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Are Ingrown Toenails Painful?

Monday, 27 January 2020 00:00

The medical condition that is referred to as ingrown toenails can often cause severe pain and discomfort. It occurs when the nail on the big toe grows into the outer edges of the skin. The symptoms that are often associated with this ailment can include redness, tenderness, and swelling on or around the affected area. The body may naturally produce a yellowish fluid that may drain from the toe, which can be a result of the irritation an ingrown toenail may cause. The foot may feel better after it is soaked in warm water, and this can soften the skin surrounding the nail. If medical conditions exist that include diabetes or fungal infections, it is strongly suggested that you are under the care of a podiatrist who can help you to manage this ailment.

Ingrown toenails can become painful if they are not treated properly. For more information about ingrown toenails, contact Dr. Steven Schwartz of Pennsylvania. Our doctor can provide the care you need to keep you pain-free and on your feet.

Ingrown Toenails

Ingrown toenails occur when a toenail grows sideways into the bed of the nail, causing pain, swelling, and possibly infection.

Causes

  • Bacterial infections
  • Improper nail cutting such as cutting it too short or not straight across
  • Trauma to the toe, such as stubbing, which causes the nail to grow back irregularly
  • Ill-fitting shoes that bunch the toes too close together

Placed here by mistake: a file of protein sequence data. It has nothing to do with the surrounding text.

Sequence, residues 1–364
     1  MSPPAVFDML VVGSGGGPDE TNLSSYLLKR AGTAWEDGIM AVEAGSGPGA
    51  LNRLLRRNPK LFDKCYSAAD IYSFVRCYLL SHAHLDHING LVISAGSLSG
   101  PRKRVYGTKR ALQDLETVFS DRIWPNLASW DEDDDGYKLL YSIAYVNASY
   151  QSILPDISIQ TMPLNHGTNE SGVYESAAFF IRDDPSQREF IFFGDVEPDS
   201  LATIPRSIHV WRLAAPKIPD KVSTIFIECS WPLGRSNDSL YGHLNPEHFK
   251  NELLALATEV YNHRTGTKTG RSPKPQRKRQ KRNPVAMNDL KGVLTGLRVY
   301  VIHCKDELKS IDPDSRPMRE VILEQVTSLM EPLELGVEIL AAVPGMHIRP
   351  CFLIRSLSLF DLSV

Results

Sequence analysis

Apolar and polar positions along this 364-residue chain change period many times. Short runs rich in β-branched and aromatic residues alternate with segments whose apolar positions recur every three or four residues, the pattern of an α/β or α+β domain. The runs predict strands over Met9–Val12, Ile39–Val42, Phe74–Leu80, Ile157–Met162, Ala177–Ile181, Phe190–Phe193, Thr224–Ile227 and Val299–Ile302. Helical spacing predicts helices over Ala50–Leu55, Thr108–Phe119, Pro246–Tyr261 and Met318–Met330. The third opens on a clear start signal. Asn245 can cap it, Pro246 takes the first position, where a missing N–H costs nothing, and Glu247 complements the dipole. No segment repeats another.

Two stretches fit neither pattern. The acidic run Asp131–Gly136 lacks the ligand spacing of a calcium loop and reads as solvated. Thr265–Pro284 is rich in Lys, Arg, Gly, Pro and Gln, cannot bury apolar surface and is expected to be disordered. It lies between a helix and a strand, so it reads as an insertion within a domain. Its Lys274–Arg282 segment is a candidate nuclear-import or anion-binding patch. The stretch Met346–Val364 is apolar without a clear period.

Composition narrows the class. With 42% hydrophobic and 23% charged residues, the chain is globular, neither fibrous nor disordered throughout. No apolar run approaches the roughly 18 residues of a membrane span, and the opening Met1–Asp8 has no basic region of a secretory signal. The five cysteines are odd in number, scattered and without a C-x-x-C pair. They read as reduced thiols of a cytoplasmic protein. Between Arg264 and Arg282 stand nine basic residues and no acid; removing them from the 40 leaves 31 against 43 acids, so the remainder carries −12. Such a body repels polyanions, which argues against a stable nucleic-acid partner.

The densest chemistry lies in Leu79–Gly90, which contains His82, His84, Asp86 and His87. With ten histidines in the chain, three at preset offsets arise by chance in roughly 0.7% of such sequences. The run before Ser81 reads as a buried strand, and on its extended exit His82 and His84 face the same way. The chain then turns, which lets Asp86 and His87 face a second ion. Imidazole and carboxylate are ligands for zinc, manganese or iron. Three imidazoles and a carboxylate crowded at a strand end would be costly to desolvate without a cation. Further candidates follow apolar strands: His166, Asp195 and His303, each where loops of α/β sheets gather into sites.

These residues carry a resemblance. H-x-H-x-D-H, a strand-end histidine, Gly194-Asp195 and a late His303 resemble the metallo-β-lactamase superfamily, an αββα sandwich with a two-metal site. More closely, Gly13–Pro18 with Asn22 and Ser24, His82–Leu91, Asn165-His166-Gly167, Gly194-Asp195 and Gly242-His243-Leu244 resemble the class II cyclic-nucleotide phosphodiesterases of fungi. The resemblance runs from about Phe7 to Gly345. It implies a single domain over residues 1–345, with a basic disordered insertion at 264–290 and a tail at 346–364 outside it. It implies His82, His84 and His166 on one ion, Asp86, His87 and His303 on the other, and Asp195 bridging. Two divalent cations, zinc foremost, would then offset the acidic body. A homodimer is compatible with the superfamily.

• Genetic predisposition

Prevention

Because ingrown toenails are not something found outside of shoe-wearing cultures, going barefoot as often as possible will decrease the likeliness of developing ingrown toenails. Wearing proper fitting shoes and using proper cutting techniques will also help decrease your risk of developing ingrown toenails.

Treatment

Ingrown toenails are a very treatable foot condition. In minor cases, soaking the affected area in salt or antibacterial soaps will not only help with the ingrown nail itself, but also help prevent any infections from occurring. In more severe cases, surgery is an option. In either case, speaking to your podiatrist about this condition will help you get a better understanding of specific treatment options that are right for you.

If you have any questions please feel free to contact our offices located in Chambersburg and Waynesboro, PA. We offer the newest diagnostic and treatment technologies for all your foot and ankle needs.

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